From the very beginning Sir John Talbot is depicted as a progressive fellow, insisting that Lawrence’s time in America can only benefit the locals. Throughout the movie, Sir John’s confidence in modernity and rationality never wavers. Yet for all his soothing speeches, he is absolutely powerless to prevent the mayhem that is to come. In the end this rational man loses his own child to the same irrational force that took Maleva’s. The only difference is that Maleva understands the ancient forces at work, and can at least make peace with them.
Curt Siodmak’s brisk screenplay wisely makes Larry a proxy for the viewer: he has been away so long that he is essentially a stranger in his home town (though, if he grew up in the area, it’s unlikely that he would be so ignorant of the werewolf lore everyone else seems to know by heart). Unlike the frosty Dr. Wilfred Glendon in Werewolf of London, Larry is depicted as a regular guy, someone who’d rather be buying a pretty girl a soda than peering through a microscope.
The screenplay rarely falters in making Larry a decent, likable fellow, but Siodmak arranges an unfortunate meet-cute between Larry and Gwen. Larry is setting up his father’s telescope at Talbot Castle and, peering into the eyepiece, just happens (cough, cough) to see Gwen through her bedroom window; smitten, he goes to her shop and asks for the earrings he knows are on her nightstand. This was probably considered fun and light-hearted stuff in 1941 (hey, he wouldn’t be spying on you with a telescope if he didn’t like you), but today it makes Larry seem rather unsavory.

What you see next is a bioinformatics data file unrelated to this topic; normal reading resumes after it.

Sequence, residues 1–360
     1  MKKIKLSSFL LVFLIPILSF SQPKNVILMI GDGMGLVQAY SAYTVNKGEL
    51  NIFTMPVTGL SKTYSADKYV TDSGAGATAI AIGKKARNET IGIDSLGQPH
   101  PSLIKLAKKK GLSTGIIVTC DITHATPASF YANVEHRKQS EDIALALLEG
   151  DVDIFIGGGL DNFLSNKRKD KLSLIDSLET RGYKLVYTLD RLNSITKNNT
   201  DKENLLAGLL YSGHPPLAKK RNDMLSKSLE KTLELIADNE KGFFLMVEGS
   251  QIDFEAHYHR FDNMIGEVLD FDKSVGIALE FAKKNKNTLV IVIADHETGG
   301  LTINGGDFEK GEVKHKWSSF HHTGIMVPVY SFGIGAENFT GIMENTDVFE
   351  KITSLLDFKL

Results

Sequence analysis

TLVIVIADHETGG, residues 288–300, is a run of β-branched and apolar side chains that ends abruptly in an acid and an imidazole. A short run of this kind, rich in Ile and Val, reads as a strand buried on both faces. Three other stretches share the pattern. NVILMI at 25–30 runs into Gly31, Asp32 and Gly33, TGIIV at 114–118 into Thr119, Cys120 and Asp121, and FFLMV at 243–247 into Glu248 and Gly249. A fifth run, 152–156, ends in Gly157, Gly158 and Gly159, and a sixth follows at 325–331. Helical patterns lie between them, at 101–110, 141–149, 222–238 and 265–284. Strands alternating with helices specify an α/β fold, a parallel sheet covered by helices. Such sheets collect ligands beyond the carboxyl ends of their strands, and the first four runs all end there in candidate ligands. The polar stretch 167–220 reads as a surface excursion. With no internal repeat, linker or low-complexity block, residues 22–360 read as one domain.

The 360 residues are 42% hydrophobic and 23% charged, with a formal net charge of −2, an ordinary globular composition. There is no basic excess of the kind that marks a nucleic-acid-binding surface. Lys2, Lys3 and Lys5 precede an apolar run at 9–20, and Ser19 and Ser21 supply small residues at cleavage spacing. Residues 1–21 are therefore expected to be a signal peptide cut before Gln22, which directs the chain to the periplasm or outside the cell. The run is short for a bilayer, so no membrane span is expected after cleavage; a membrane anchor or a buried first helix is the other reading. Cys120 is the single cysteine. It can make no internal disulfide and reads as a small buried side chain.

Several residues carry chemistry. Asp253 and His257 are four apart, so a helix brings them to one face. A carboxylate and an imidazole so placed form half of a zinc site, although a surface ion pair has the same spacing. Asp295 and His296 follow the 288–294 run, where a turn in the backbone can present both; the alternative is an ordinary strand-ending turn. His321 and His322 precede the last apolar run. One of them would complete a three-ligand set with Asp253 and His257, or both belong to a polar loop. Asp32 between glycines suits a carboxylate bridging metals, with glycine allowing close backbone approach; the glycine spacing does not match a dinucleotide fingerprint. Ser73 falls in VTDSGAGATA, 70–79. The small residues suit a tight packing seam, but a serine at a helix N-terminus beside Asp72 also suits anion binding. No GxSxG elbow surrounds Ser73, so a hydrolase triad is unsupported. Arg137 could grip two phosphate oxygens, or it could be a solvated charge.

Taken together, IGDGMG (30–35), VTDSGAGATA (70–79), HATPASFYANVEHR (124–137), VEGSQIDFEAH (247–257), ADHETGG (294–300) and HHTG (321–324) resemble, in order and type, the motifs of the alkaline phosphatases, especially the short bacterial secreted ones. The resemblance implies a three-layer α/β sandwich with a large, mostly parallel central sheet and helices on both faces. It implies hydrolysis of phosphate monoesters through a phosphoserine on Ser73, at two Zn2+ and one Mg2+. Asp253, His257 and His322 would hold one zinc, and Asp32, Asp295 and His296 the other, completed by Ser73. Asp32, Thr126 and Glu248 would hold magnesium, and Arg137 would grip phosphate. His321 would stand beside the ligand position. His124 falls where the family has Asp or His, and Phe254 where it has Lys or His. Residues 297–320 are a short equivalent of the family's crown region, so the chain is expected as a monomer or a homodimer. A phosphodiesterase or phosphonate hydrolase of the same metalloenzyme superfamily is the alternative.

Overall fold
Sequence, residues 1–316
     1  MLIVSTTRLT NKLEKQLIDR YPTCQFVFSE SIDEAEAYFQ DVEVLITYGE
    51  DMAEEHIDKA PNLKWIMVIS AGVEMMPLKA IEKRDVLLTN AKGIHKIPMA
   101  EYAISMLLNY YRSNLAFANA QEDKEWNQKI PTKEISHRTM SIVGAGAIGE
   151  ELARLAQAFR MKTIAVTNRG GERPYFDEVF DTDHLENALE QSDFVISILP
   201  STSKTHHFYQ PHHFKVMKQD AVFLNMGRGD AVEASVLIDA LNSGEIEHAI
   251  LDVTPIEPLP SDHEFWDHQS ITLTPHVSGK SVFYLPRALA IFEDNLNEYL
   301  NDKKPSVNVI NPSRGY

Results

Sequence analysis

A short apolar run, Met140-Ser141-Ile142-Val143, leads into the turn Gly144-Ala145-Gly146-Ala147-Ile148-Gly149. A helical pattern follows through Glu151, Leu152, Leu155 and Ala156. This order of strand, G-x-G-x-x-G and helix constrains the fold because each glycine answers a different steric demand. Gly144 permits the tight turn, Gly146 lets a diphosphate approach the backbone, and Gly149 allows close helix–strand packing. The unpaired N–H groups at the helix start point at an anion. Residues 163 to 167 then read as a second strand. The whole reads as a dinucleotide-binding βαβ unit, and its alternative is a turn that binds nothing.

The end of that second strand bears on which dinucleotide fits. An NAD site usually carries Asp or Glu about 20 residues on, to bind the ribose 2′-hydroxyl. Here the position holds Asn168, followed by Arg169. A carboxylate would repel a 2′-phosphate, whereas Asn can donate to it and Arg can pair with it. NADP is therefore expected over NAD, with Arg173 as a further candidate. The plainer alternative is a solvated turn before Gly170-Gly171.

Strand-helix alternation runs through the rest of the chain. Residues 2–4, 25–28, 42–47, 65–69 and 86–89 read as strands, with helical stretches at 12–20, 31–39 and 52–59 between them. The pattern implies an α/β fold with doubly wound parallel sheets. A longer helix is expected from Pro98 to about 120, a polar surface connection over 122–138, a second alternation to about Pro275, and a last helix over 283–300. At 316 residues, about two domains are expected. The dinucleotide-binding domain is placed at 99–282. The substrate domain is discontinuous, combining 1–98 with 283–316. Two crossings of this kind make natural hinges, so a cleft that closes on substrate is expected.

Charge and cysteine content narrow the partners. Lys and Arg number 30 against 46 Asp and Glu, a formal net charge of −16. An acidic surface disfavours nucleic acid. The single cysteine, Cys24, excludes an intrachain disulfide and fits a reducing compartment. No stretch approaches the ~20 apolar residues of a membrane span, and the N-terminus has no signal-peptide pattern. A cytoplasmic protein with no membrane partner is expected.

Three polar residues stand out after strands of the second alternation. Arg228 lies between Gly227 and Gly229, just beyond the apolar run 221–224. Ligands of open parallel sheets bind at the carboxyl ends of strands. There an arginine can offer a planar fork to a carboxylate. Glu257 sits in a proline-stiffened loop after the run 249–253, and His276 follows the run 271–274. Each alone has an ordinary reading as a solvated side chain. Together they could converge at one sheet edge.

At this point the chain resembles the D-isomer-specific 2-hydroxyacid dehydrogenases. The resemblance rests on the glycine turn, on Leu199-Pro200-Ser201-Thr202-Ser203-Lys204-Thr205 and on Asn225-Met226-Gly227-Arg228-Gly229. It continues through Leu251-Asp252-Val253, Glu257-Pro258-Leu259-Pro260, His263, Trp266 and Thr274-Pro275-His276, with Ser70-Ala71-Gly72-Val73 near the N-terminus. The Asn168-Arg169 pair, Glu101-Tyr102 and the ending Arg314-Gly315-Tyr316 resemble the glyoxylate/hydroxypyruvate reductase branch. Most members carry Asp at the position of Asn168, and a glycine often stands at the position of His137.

Of course, this might be a hint of what’s to come, if you are willing to regard the werewolf as Larry’s repressed id running amok; but the metaphor of hairy-wolfman-as-the-animal-we-carry-inside-us seems too shopworn and dreary to go into. So let’s sidestep the issue and assume the telescope scene was meant to be innocent fun — in an era when any women who said otherwise would be accused of being no fun at all.
This was probably Lon Chaney Jr’s best performance, and the role seems to have been written with him in mind: Larry is good-natured, gentle in most circumstances, but capable of great anger when he feel he’s been wronged. This plays greatly to Chaney’s strengths as a soft-spoken but physically imposing actor. Similarly, Evelyn Ankers is not entirely forgettable here, as close to an acting triumph as she is likely to get.
Patric Knowles excelled at playing stuffed shirts named Frank, and he is perfectly serviceable here; but what Ralph Bellamy is doing as the local prosecutor, it isn’t easy to say.
Maria Ouspenskaya is brilliant in her first film appearance as Maleva. She brings a somber dignity to her character, as she would later in the less-dignified Frankenstein Meets the Wolf Man.
I’ve got a little treat for you — the 8-minute Castle Films version of The Wolf Man. In the pre-home video days, Castle Films were the only way you could watch your favorite movies again, and they were cleverly boiled down to a single 8- or 16-mm reel. In many ways they were small masterpieces in their own right, cramming every plot point into an impossibly small container:
House of Dracula
Synopsis: Patients from all over the world seek out the brilliant Dr. Edelmann (Onslow Stevens), a physician with a keen mind and a big heart. He has a practice that he runs out of his castle in Vasaria, and those who have lost hope in conventional medicine can turn to him in their hour of need.
Late one night Edelmann is dozing in an easy chair when a man in top hat and tails shows up in his living room and wakes him. The stranger introduces himself as Baron Latos, but it’s obvious right away that he’s really Count Dracula (John Carradine). He wants Dr. Edelmann to help find a cure for his vampirism.
By cure, Dracula presumably isn’t looking for the sunlight-and-wooden-stake cure. We’re talking a medical cure, something that will make him mortal again.
Since Dracula’s already dead, I would rate his chances for a full recovery as vanishingly slim, but Edelmann is made of sterner stuff and agrees to give it a try.